How the “race to the bottom” plays out.
We’re well into the second half of the Premier League season and the title race is heating up – as is the race to avoid relegation. And whether teams are going to survive for another season in the Premier League, or succumb to the drop down to the Championship, becomes clearer with each game.
For those at the bottom, they are scratching and clawing in an effort to stay up in the Premier League. They employ many tactics – sacking managers (shout out to Huddersfield Town), spending money on new players in the January transfer window, changes in front-office personnel and formations and, simply, just playing as hard as they can. You’ll never see a more motivated squad as one threatened with relegation.
Those teams facing the drop have a tendency of not only taking down the big boys – and altering the premier league title race while they’re at it – they also provide some of the most passionate and fascinating games of the season.
These happen against fellow bottom-dwellers in what is know as a 6-point relegation match.
What? I thought you could only get three points for a win?
This is technically true – only three points for a win – but if you’re in the relegation zone, a victory against a fellow bottom three team means not only three points for you, your opponents don’t get three points. It also means they need to get 6-points (or 4, but that’s not the point of this article) from the few remaining games to ensure they finish above you. A draw generally does nothing for a team in this situation. It’s a very important victory and we will hopefully be treated to a few of these games in the closing weeks of the season.
Who is threatened with relegation?
In the 2018/19 season, there are a number of Premier League teams on the cusp of becoming former-Premier League teams next year.
This is a team in all sorts of bother. Injuries to key players, a lack of investment, a lack of goals and a recently departed manager, means sophomore Huddersfield is unlikely to make it a third consecutive year in the Premier League. Not even a new manager bounce seems likely.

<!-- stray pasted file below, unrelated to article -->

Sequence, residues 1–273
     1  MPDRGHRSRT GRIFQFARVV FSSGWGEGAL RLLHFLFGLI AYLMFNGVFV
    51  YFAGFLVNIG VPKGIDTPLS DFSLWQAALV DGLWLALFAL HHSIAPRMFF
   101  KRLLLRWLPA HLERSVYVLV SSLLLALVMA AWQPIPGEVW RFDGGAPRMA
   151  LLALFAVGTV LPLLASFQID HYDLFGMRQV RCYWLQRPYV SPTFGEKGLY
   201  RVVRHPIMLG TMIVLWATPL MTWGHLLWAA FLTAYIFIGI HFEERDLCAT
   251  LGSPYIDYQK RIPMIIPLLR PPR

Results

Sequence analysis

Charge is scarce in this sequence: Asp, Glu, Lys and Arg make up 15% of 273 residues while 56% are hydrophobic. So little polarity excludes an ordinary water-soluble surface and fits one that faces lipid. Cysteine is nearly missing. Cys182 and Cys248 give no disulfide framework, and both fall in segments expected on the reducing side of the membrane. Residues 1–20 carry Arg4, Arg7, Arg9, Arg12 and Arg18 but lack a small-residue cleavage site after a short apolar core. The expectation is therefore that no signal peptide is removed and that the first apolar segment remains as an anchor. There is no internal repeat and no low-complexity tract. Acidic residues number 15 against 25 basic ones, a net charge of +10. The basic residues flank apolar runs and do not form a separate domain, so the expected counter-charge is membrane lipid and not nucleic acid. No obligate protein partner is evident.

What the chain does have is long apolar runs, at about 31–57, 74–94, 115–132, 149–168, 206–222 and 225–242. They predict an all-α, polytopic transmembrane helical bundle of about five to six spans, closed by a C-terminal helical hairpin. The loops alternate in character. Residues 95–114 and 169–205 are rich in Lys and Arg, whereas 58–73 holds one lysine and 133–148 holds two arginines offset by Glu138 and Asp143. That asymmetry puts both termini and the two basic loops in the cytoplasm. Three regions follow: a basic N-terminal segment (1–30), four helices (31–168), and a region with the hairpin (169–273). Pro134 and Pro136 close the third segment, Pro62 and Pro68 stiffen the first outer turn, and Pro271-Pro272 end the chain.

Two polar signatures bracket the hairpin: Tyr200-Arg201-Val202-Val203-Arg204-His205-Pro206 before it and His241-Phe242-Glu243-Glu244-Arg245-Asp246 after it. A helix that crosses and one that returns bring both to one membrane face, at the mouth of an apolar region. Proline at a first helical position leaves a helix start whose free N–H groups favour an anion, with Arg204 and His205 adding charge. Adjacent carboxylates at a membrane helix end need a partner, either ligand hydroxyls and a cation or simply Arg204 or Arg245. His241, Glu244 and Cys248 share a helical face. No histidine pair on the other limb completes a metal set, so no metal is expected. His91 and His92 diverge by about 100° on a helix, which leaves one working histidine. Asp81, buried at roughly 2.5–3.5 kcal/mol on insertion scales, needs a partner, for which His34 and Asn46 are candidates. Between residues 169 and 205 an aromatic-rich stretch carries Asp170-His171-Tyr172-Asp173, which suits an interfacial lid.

Fulham employed the “sack the manager” tactic earlier in season, which had an immediate effect – a 3-2 win over fellow strugglers Southampton – but that proved to be a false dawn, as the Claudio Ranieri-led squad has won only one game since. That happened to be a 6-pointer against Huddersfield. The Cottagers have recently brought in Ryan Babel and Callum Chambers (on loan) who provide more energy and threat in front of goal, but it’s going to be a difficult for newly promoted Fulham to avoid falling straight back down to the Championship.
If you look up “dysfunctional” in the dictionary, you’re going to read about the dumpster fire that is St James’ Park. First off there’s the owner who has made it very clear his only interests are meat pies, beer and selling the club. There are currently no offers on the table for the club, so investment is suffering. The manager, Rafa Benitez – an excellent “gaffer” – seems out ideas and the squad looks listless. The fans are turning against management and it’s all a bit of a mess in the North East. If they survive, it will be because of the ineptitude of another club at the other end of Britain.
Cardiff has looked nothing other than terrible this season. There has been plenty of bad luck, for sure, including the tragic plane crash involving Cardiff’s record signing, Emiliano Sala, but the club’s troubles are indisputably down to one man: manager, Neil Warnock. Sure, he holds the promotion record, with eight sides promoted up to the first league over his career, but his record in the Premier League features sackings, disputes and outright hostility. He’s a polarising figure, who hasn’t had a win percentage over .500 in the top flight. Not good enough for a team in the relegation zone and he probably isn’t the man to keep Cardiff City up.
It’s hard to make sense of what happened at Burnley this season. If you remember, they qualified for the Europa Cup this year (finishing 7th in the league last year), only to be dumped out in the qualifying rounds (by top Greece side, Olympiakos, to be fair). Did that loss take the wind out of their sails? Results have been inconsistent and few and far between all season. Their six wins have come against fellow strugglers. Manager Sean Dyche has his hands full in keeping this underperforming squad up, with arguably the hardest run home of any squad, playing Manchester City, Everton and Arsenal in their final three games.
Surely the Eagles won’t go down … will they? They seem to be making some positive steps in opting to buy and loan players during the transfer window, so as to sure-up their relatively safe position. Forward Bakary Sako has returned to the club on loan from West Brom, and there have been several other inquiries. Expect a transfer deadline day flurry of activity from Selhurst Park, which should be enough for Roy Hodgson’s squad to remain in the top division this year, and for their hedge fund backers to see a return on investment.
The Saints look safe for now under new coach Ralph Hasenhüttl, but there are plenty of games for this prediction to be proven wrong.
6-pointer games to watch out for
These six-pointer games could be potentially pivotal for squads angling for survival. They are well worth the watch for the neutral supporter, as you will never see games played and supported as passionately as these. There will be blood, sweat, and yes, tears.
Note: Dates are in the American MM/DD/YY format. Home teams are listed first. Dates subject to change.
Burnley vs Cardiff City 4/13/19
Newcastle vs Southampton 4/20/19
Fulham vs Cardiff City 4/27/19
Cardiff City vs Crystal Palace 5/4/19
Southampton vs Huddersfield 5/12/19